BBC's Laura Kuenssberg claims MPs' Brexit 'battle of epic proportions' to end up in court

BBC News political editor Laura Kuenssberg warned this week's Brexit battle in the Commons will probably end up in the courts as the Prime Minister continues to promise the UK will leave the EU on October 31 despite being obliged by law to ask for an extension if a deal is not agreed by Saturday.

Speaking on News moments after Queen Elizabeth II delivered her speech to Parliament to outline Boris Johnson's Government agenda, predicted a week of debates of "epic proportions" in the Commons. The BBC editor warned the fight over Brexit in Parliament may eventually end up in the British courts again as Boris Johnson continues to pledge the UK will leave the EU on October 31 deal or no deal - in spite of legislation preventing him to walk away without an agreement. 

She said: “There will be a couple of days now where MPs will scream and shout over the measure that have been put forward at the Queen’s Speech.

“But all eyes really are on what will happen at the conclusion of the important summit in Brussels at the end of this week.

“Before a mega day, super Saturday here, when MPs will be trying to find a way forward but given the difficulties they’ve had in doing that over the last couple of years I wouldn’t expect that suddenly there’s going to be an outbreak of peace and harmony.”

Ms Kuenssberg warned that just as Parliament's right to a meaningful vote was decided by the courts in 2017, the fate of the Brexit negotiations may return once again in the hands of British justices.

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BBC News: Laura Kuenssberg warns Brexit debate may end up in court again (Image: BBC)

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Brexit news: Boris Johnson adamant the UK will leave the EU on October 31 deal or no deal (Image: UK PARLIAMENT)

I wouldn’t expect that suddenly there’s going to be an outbreak of peace and harmony

Laura Kuenssberg

It comes as Prime Minister Boris Johnson has reportedly made further compromises to the EU to get a deal over the line and next Saturday he’ll ask MPs to choose between his proposals and yet another Brexit extension. 

Mr Johnson proposed his solutions to the Irish border problem this month, and while the EU looked certain to reject them, reports now claim Mr Johnson has made further compromises to win EU support.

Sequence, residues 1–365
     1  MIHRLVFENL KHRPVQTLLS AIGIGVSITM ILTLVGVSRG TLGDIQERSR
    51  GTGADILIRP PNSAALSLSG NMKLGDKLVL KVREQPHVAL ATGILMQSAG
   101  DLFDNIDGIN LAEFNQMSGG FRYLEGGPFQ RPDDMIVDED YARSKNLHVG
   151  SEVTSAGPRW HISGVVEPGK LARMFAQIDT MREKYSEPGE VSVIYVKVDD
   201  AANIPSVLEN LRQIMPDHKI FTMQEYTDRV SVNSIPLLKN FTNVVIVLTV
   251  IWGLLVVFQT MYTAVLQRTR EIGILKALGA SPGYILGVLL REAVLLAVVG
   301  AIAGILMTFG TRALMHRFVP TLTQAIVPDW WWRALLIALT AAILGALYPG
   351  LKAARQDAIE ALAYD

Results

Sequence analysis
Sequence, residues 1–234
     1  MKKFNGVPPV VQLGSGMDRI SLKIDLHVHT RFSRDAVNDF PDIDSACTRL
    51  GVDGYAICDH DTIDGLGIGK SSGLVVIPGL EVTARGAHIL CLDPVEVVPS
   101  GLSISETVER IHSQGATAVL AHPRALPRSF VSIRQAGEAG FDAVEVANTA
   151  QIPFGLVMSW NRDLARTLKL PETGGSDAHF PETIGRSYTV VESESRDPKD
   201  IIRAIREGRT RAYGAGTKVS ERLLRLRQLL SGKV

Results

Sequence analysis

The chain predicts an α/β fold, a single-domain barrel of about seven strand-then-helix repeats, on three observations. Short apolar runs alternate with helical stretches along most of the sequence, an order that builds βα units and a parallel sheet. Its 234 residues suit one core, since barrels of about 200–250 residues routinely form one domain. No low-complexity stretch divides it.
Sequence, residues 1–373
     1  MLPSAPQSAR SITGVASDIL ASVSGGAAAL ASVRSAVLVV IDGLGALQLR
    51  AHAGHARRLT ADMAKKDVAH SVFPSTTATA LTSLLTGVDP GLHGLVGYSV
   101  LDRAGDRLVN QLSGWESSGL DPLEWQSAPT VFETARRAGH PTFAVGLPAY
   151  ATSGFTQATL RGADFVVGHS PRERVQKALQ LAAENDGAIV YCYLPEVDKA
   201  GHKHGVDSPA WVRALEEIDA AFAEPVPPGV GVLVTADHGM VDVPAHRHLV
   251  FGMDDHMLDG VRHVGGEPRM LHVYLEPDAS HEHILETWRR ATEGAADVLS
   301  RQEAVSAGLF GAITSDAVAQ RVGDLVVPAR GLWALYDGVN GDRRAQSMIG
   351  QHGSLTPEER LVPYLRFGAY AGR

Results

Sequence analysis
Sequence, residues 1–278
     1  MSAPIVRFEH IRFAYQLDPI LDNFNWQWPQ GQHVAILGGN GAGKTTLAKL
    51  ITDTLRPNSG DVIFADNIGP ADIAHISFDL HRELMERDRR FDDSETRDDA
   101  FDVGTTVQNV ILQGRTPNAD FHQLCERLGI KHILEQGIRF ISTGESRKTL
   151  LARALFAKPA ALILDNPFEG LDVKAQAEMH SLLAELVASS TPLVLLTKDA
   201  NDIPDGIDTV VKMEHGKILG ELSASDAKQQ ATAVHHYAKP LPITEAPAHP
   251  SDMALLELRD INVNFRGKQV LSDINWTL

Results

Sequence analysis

Talks have now entered the intense “tunnel” phase, indicating serious progress has been made.

In the event Mr Johnson does indeed manage to get a deal agreed with the EU, his next hurdle will be to get MPs back home to approve it too.

But instead of a straight yay or nay vote on the deal he presents, it has now been reported the Prime Minister will present MPs with a challenge: approve any deal or delay Brexit again.

He will pose the question to MPs on ‘Super Saturday’ - a special sitting of the House of Commons on Saturday, October 19.

This “binary choice”, as one government source called it, will pose a dilemma for Brexiteers in particular, as the Prime Minister’s softened stance on some aspects of the Brexit deal appears to cross red lines set out by Mr Johnson himself.

Should he fail to reach a majority in the Commons, the Prime Minister will be forced to ask for an extension as set out by the Benn Act.

However, House of Commons leader Jacob Rees-Mogg hinted at a crucial potential loophole in the legislation - re-branded "Surrender Act" by the Prime Minister.

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Brexit news: what happens next? (Image: EXPRESS)

Mr Rees-Mogg explained how, until the UK remains in the Brussels bloc, EU laws supersede domestic law and an extension could only be asked under the regulations of an EU treaty and not a unilateral UK legislation. He explained: “Unfortunately, or fortunately as it may turn out, the law of this land is subject to the law of the European Union, currently.

“So we have to see what the legal eagles think.

“All I’m saying is that Theresa May got an extension not through UK law but through EU law.

“And until the 1972 European Communities Act is repealed EU law is superior law in the UK.

“And the Remainers know that. The Remaniacs all know that because they all know that it takes two to tango and any extension has to be agreed by the Council.

“And so the legal questions are sometimes oversimplified, I think.”